State Board of Education recommends DA investigate Durham charter school diplomas
Posted December 12, 2016
Durham, N.C. — The State Board of Education recommended Monday that the Durham County District Attorney’s Office determine whether a criminal investigation is warranted against Kestrel Heights, a charter school in Durham.
The school reported that more than 50 students over the past three years received diplomas they didn't earn.
Kestrel Heights' new principal discovered the problem in July, shortly after she took the job. The school began investigating and reported the issue to the state's Office of Charter Schools on Oct. 5.
A letter from the school on Dec. 8 lays out the timeline of what happened and references a school counselor who "was unable to provide the necessary information to resolve the (students') missing credits." The counselor, who is not named, took a leave for medical reasons in mid-August and resigned in September.
LaSaundra Vines was listed on the school's website as its high school counselor. Her picture and biography were taken down Monday and replaced with the name of the new counselor, who was hired in October. When reached by phone Monday evening, a woman who identified herself as Vines declined to comment to WRAL News.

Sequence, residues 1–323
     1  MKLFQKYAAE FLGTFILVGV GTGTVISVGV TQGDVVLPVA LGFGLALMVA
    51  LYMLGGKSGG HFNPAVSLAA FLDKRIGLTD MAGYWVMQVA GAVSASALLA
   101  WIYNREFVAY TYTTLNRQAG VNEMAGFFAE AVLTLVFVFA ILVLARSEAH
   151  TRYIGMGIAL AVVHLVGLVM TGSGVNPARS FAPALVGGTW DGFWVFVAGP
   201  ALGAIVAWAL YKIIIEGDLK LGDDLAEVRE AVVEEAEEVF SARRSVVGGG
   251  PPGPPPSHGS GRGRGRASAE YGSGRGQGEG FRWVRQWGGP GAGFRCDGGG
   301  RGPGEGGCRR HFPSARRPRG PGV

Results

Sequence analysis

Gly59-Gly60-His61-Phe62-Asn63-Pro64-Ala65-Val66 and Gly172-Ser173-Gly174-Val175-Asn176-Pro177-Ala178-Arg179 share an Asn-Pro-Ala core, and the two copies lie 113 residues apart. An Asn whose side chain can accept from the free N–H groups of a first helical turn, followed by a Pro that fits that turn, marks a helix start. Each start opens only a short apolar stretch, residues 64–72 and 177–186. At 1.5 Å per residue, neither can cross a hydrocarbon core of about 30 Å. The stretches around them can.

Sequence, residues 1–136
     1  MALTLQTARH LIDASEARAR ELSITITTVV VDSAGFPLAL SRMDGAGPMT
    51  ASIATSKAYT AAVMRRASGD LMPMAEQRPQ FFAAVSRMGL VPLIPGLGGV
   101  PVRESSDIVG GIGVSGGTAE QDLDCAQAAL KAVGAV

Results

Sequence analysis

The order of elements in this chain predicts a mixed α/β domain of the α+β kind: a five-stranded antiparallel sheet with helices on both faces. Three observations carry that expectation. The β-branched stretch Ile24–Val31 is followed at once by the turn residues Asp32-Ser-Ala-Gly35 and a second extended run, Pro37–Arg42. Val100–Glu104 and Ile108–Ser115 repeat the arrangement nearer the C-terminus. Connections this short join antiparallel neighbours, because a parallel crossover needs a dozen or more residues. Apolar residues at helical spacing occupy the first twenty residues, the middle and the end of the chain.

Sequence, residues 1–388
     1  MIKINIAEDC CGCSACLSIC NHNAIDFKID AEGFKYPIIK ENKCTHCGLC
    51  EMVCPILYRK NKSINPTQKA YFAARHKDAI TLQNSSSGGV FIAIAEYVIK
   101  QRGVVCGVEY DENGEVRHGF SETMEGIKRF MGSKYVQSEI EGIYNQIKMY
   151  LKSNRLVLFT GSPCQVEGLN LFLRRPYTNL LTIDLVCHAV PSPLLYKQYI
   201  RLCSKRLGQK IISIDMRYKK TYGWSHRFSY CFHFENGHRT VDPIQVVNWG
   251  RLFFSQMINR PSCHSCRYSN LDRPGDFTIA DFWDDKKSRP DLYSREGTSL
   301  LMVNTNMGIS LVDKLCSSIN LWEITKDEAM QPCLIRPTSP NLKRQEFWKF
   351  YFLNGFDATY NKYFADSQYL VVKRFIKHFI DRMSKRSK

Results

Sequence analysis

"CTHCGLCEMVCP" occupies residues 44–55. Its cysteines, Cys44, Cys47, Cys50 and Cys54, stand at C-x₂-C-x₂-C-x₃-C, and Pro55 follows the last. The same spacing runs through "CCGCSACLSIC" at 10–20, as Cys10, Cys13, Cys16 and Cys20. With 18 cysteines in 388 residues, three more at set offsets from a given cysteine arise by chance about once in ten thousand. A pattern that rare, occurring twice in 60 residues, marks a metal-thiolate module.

"Oh, I'm not interested. Thank you for calling," she said.
It's unclear if Vines is the counselor mentioned in the report or if the school had more than one counselor for the high school. However, she was the only high school counselor listed on the school's website.
The State Charter Schools Advisory Board has asked the school to provide the names of the principal and counselor who were serving at the time. The board also recommended a number of steps to investigate and correct the diploma problem, including requesting that the Durham County DA get involved. That recommendation was then sent to the State Board of Education, which agreed with all the recommendations.
Since the discovery came to light, officials at Kestrel Heights have worked to contact affected students and work through ways to resolve problems with their diplomas.
"The information that's been provided to the state board gives a very clear picture of what the school has been doing and the efforts that it's made to make sure that its primary concern has been the students," said Kestrel Heights attorney Stephon Bowens.
Members of the State Board of Education said the deeper investigation will include reviews of school records dating back to 2008.
Lee Teague, executive director of the North Carolina Association for Public Charter Schools, said Kestrel Heights' diploma issue should be taken "very seriously, because a high school diploma needs to mean that the student met all the requirements, and there should be no questions of that."
The board at Kestrel Heights is scheduled to hold a meeting at the middle school at 6:30 p.m. Tuesday.